It is going to require trying new technologies and innovations, some of which might not work. It is going to require the Government to make definitive decisions that will serve to reassure investors that the foreseeable future will follow a certain path. Yes, we have to be open to new developments and should not act in such a way that they cannot be explored. But for this to be the case we have to be open to trying new things. We cannot only focus on ‘low- or no-regret’ options, as preferred by the Scottish Government, because such options will keep us tied to the status quo. I fully commend Scotland’s ambition to transition to a low-carbon society at the lowest possible cost and disruption to society, but we must beware of being over-cautious and missing opportunities for fear of making mistakes. As we have committed to ambitious targets, we must commit to ways of achieving these. Here, the Plan is lacking.
Roseanna Cunningham, Cabinet Secretary for Environment, Climate Change and Land Reform, and First Minister Nicola Sturgeon have both emphasised the fact that we have a moral duty to fight against climate change. This is as true for Scotland as it is for any developed country that has benefited from the exploitation of fossil fuels. Indeed, it was a Scot – James Watt – whose inventions helped usher in the Industrial Revolution and the burning of fossil fuels on a massive scale. Acknowledging that we bear some blame, and committing to playing our part to right these wrongs shows integrity.
However, integrity also requires that we act in accordance with our public commitments and Scotland’s choice to position itself as a world-leader in climate change action. One area where this is questionable is the government’s attitude to Scotland’s fossil fuel reserves. If international climate change targets (such as limiting temperature change to a maximum of 2°C) are to be met, a significant proportion of global fossil fuels will have to be kept in the ground. It is therefore concerning that the Scottish Government wants maximum economic exploitation of North Sea oil and gas reserves. While an argument can be made that North Sea recovery is more heavily regulated than elsewhere and therefore results in lower lifetime emissions for these fossil fuels, without carbon pricing this is unlikely to have market-wide effects.
I mentioned earlier that Scotland must have the courage to make tough decisions. Fossil fuels are one area where such courage is going to be necessary. Scotland should lead the way in helping those working in these sectors to transition towards renewables, as many of their skills are highly transferable. It should also lead the way in acknowledging that, while transitioning to a low-carbon society comes with many opportunities, it also comes with costs. Integrity requires that we don’t financially exploit our fossil fuel reserves if doing so will compromise our ability to meet climate change targets.
The Plan has been heavily criticised for being less ambitious in many sectors than in its first draft. Whilst this could demonstrate a lack of courage on the part of the Government, it also demonstrates a degree of humility. While I fully support ambitious targets and strongly believe that we need to be taking immediate action in all sectors to drastically reduce emissions, it is important that these targets are achievable. It is certainly debatable whether the targets have been reduced too much, but the fact that they have been altered following consultation with the sectors that will be affected (and who arguably have a much better understanding of what is achievable) shows that the Government is willing to listen. Even when, as in this case, the result casts them in a less positive light. This, at the very least, shows the targets that have been set are meaningful and not merely a vanity project of an administration paying lip-service to a carbon-conscious constituent base.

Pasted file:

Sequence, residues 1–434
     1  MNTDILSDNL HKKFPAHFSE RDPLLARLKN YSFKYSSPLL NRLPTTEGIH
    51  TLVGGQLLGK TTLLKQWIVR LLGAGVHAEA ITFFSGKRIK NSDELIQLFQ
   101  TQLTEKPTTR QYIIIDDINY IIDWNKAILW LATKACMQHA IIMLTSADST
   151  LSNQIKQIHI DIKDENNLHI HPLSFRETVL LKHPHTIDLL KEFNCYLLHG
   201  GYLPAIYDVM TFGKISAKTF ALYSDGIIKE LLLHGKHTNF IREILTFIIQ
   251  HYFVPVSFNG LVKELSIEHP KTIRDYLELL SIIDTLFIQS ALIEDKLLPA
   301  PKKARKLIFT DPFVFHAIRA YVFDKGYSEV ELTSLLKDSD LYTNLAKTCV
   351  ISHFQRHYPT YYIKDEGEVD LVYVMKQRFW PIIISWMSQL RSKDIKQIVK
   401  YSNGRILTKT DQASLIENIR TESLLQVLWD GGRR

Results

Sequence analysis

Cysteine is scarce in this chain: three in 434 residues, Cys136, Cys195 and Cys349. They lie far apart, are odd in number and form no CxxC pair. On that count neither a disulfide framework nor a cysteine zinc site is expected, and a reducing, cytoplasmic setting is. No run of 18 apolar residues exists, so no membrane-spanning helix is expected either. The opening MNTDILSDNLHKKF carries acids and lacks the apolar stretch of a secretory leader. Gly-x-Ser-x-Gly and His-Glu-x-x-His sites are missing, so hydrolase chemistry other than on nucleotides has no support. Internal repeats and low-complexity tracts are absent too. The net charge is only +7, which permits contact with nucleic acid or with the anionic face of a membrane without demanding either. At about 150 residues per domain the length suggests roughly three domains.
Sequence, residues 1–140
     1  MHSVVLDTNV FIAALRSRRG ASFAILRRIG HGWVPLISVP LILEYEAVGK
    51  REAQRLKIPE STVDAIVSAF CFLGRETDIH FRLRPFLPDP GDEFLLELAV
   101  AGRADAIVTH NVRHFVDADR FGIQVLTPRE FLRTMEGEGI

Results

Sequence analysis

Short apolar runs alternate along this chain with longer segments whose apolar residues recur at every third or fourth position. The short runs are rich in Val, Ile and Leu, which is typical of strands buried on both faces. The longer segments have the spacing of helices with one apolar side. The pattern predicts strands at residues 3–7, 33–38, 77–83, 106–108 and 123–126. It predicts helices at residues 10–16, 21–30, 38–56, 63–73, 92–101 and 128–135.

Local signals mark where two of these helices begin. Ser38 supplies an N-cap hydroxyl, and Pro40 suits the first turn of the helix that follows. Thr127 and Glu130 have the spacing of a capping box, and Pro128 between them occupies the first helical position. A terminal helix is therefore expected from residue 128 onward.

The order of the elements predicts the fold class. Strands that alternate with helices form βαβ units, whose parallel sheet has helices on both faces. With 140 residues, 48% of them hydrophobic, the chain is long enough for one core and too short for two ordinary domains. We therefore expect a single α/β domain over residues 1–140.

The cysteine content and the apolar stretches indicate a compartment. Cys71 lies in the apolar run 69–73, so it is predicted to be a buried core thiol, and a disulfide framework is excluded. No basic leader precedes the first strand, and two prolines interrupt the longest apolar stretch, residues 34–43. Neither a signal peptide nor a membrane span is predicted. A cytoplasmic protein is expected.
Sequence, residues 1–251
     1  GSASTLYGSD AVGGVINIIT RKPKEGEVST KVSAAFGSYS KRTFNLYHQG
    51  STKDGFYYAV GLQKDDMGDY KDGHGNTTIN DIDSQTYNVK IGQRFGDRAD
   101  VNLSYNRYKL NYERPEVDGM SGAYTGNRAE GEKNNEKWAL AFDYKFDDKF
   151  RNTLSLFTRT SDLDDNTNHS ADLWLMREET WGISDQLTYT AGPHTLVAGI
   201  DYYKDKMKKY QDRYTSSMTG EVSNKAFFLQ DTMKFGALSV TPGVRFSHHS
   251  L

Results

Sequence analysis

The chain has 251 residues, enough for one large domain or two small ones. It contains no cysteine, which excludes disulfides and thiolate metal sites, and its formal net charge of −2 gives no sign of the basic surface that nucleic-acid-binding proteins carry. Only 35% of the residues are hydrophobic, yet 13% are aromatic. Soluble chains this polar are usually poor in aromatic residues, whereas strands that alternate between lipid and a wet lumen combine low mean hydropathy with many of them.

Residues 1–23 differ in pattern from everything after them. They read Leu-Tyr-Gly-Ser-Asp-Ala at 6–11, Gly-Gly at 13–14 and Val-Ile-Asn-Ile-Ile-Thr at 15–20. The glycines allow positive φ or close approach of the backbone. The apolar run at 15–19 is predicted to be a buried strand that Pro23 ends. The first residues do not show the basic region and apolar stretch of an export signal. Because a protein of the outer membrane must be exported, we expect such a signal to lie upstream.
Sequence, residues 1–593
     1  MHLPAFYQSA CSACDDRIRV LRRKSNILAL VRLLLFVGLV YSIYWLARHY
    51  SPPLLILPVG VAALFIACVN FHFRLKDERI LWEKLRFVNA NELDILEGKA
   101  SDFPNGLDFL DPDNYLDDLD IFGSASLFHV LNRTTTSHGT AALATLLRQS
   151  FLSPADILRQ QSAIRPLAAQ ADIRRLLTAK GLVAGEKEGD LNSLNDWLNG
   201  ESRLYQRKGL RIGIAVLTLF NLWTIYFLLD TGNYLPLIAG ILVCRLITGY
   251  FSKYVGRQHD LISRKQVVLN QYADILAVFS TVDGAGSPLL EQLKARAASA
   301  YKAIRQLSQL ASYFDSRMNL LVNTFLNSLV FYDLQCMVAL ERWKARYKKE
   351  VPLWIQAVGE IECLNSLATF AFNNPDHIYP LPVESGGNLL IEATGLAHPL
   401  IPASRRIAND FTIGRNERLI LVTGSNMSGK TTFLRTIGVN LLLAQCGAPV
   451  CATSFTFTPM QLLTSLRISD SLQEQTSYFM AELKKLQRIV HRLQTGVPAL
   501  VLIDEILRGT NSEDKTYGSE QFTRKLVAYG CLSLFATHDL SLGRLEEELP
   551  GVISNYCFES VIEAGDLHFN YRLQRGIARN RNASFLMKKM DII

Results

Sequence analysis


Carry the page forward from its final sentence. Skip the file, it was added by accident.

Scotland’s climate change ambitions cannot be met without the support of businesses, communities, households, and individuals across Scotland, a fact highlighted in the Plan. Everybody has a role to play and we are all going to have to work together if the targets are to be achieved. For example, much of the Plan is dependent on decisions made by the Westminster government, especially with regard to leaving the EU and future access to energy markets and the EU Emissions Trading System. The Scottish government is therefore working alongside their Westminster counterparts to be included in these discussions and ensure that a viable solution for all can be reached. The Plan shows the minimum role that each Scottish sector must play and the Scottish Government must now work to support them as they go through this transition, as must we.
2050 is our future and it is up to us to shape it and create the world we want to see. Scotland’s Climate Change Plan points towards this world. The 2050 Climate Group is determined to do our part by creating future leaders empowered with the knowledge and skills that they need to be part of the solution and to drive it forward wherever needed. No action is too small, no ambition too great. Now it is up to us to lead the way. 2050 starts now!
Kitty Dutton is an operational volunteer with within the policy subgroup of the 2050 Climate Group. The policy team work to help provide a vital youth voice in Scottish climate policy. She also works for Delta Energy & Environment as an Analyst and fits in rockclimbing and korfball on the side, too.